Independent Samples Test
Levene’s test for equality of variances t-test for equality of means
F Sig. t df Sig. (2-tailed) Mean difference Std. error differences 95% confidence interval of the difference
Lower Upper
Unkempt Equal variances assumed 9.845 0.002 -1.744 198 0.083 -0.120 0.069 -0.256 0.016
Equal variances not assumed -1.744 197.374 0.083 -0.120 0.069 -0.256 0.016
Hallucinations Equal variances assumed 7.005 0.009 -1.305 198 0.194 -0.060 0.046 -0.151 0.031
Equal variances not assumed -1.305 189.036 0.194 -0.060 0.046 -0.151 0.031
Delusions Equal variances assumed 0.884 0.348 -0.469 198 0.639 -0.020 0.043 -0.104 0.064
Equal variances not assumed -0.469 196.444 0.639 -0.020 0.043 -0.104 0.064
Sadness Equal variances assumed 4.109 0.044 1.032 198 0.303 -0.070 0.068 -0.064 0.204
Equal variances not assumed 1.032 197.608 0.303 -0.070 0.068 -0.064 0.204
Eating/ Sleeping problems Equal variances assumed 3.190 0.076 -0.900 198 0.369 -0.060 0.067 -0.192 0.072
Equal variances not assumed -0.900 197.576 0.369 -0.060 0.067 -0.192 0.072
Guilt feelings Equal variances assumed 12.391 0.001 -2.175 198 0.031 -0.150 0.069 -0.286 -0.014
Equal variances not assumed -2.175 197.277 0.031 -0.150 0.069 -0.286 -0.014
Poor concentration Equal variances assumed 0.335 0.564 -0.290 198 0.772 -0.020 0.069 -0.156 0.116
Equal variances not assumed -0.290 197.979 0.772 -0.020 0.069 -0.156 0.116
Irrational fear Equal variances assumed 4.216 0.041 -1.022 198 0.308 -0.060 0.059 -0.176 0.056
Equal variances not assumed -1.022 196.101 0.308 -0.060 0.059 -0.176 0.056

Table 4: Independent sample T-test of all 200 students to assess which variable is considered as a symptom of a psychiatric disorder by medical students.

psychopathology-mental-illness

Figure 3: Bar graph showing which variables are believed to be symptoms of a mental illness by students of both government and private institutes.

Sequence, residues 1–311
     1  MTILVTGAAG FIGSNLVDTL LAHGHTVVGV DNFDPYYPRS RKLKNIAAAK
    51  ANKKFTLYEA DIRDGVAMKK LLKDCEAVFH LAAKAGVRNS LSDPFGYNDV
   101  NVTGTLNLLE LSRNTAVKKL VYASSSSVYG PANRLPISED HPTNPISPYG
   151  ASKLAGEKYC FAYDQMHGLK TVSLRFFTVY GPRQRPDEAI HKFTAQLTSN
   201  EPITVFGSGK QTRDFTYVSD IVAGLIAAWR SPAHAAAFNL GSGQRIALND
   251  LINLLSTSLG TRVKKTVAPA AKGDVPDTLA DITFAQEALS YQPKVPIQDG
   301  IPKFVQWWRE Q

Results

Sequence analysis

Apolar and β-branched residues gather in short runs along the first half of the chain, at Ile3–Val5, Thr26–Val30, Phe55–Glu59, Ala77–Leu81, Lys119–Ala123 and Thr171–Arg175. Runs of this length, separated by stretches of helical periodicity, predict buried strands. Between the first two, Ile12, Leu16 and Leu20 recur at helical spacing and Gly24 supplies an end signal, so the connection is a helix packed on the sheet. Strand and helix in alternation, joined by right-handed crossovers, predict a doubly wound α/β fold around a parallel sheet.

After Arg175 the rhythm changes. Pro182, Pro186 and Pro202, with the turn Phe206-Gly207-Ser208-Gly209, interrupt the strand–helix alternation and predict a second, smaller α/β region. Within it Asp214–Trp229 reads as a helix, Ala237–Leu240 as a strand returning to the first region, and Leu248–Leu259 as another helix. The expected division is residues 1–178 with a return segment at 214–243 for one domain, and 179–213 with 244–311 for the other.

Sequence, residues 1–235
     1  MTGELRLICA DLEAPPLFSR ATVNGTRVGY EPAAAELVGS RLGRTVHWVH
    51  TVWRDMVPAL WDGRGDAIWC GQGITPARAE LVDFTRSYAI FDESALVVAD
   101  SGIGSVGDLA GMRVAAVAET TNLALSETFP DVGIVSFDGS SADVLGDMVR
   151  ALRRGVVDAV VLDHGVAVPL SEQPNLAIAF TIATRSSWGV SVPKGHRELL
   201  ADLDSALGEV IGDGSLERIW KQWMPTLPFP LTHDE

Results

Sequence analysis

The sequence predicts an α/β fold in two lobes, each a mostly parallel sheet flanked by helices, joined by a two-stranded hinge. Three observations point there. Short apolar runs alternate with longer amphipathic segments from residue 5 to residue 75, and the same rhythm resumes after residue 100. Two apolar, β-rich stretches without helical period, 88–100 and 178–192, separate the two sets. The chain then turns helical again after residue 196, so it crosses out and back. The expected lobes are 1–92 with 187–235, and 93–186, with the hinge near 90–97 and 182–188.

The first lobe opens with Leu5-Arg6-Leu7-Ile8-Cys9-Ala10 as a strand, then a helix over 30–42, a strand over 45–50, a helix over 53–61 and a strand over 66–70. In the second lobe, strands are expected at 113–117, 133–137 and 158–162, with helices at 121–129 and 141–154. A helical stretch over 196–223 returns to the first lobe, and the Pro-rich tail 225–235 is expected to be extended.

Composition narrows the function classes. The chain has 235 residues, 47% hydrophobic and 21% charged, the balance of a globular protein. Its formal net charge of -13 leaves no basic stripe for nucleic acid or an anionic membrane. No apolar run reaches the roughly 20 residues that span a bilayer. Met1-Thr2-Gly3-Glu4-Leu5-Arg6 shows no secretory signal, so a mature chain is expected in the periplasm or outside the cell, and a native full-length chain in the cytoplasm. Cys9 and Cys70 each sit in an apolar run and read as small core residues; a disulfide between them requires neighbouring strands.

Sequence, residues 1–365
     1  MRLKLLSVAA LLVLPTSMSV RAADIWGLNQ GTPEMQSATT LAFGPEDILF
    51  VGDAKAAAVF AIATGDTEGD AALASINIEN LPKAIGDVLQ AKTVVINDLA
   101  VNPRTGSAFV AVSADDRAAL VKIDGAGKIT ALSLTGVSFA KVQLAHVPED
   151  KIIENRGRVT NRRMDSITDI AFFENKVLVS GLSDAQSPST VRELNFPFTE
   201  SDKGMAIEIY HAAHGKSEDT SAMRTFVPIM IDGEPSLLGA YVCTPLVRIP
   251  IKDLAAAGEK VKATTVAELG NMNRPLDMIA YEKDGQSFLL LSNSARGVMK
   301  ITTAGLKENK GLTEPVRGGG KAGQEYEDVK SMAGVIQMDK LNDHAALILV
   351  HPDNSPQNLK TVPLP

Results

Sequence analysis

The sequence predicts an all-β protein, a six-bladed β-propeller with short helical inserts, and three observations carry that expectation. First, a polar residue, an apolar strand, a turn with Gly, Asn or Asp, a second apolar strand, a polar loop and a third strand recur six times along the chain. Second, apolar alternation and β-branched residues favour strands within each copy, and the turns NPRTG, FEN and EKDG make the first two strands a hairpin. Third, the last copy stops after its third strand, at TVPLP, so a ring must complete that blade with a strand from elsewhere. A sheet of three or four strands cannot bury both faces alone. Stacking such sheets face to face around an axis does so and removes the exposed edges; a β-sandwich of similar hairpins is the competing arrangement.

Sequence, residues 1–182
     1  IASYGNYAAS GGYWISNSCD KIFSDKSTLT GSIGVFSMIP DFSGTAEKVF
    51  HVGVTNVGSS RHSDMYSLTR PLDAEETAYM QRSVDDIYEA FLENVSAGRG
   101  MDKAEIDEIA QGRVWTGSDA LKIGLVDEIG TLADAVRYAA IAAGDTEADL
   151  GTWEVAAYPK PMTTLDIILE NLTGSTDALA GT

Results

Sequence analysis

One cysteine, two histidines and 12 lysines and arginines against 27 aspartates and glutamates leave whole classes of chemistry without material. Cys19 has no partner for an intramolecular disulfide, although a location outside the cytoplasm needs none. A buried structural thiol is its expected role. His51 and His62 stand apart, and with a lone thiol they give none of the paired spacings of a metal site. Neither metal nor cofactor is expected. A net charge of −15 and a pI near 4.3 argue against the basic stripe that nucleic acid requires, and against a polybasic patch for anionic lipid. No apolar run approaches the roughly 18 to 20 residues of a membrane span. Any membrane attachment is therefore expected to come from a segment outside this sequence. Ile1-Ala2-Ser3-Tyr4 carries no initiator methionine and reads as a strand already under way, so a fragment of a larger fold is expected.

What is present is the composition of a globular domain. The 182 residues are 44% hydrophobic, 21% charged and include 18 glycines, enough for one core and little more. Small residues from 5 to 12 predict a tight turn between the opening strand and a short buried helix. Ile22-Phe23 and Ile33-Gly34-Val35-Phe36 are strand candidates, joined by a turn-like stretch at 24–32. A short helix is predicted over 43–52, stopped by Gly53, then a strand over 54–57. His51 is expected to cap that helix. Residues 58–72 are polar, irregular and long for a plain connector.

Significant difference was also seen when total scores of Belief Towards Mental Illness Scale was compared with whether the students had undergone any sort of psychiatric teaching, be it clinical postings or theoretical lectures (Table 5).

Independent Samples Test
Levene’s test for equality of variances t-test for equality of means
F Sig. t df Sig. (2-tailed) Mean difference Std. error differences 95% confidence interval of the difference
Lower Upper
H/O Psychiatric teaching Equal variances assumed 25.423 0.000 4.841 198 0.000 0.320 0.066 0.190 0.450
Equal variances not assumed 4.841 194.551 0.000 0.320 0.066 0.190 0.450

Table 5: Independent sample T-test of all 200 students comparing total score on belief towards mental illness scale with history of psychiatric teaching received by the students.

Discussion

According to the World Health Report published in 2001, 450 million individuals worldwide suffer from mental or behavioural disorders [5]. Despite this vast number, very few of these individuals seek medical help or get medical attention which can largely be attributed to the myths and misconceptions that are associated with psychiatric illnesses. It is also worthy of noting that while it is widely believed that these false notions might primarily be rooted in the developing world, most of the studies have been done in developed nations [6]. The association of stress and Depression has long been recognized but recent emerging evidences show that this takes place via the modulation of immune system and the Hypothalamo-Pituitary- Adrenal (HPA) axis. Abnormal response on both Dexamethasone Suppression Test and Corticotrophin Releasing Factor (CRF) administration reveal an upregulated HPA axis in depressed individuals. Furthermore, similar abnormalities have been seen in individuals exposed to significant early life stress [7]. Studies have also shown decreased CRF receptors, decreased CRF mRNA and elevated levels of CSF-CRF in brains of depressed patients [8]. It has been noted that the administration of TNFα in various infective and oncogenic disorders tends to produce a depression like syndrome in these patients, thus TNFα is considered to be the quintessential depressive cytokine [9].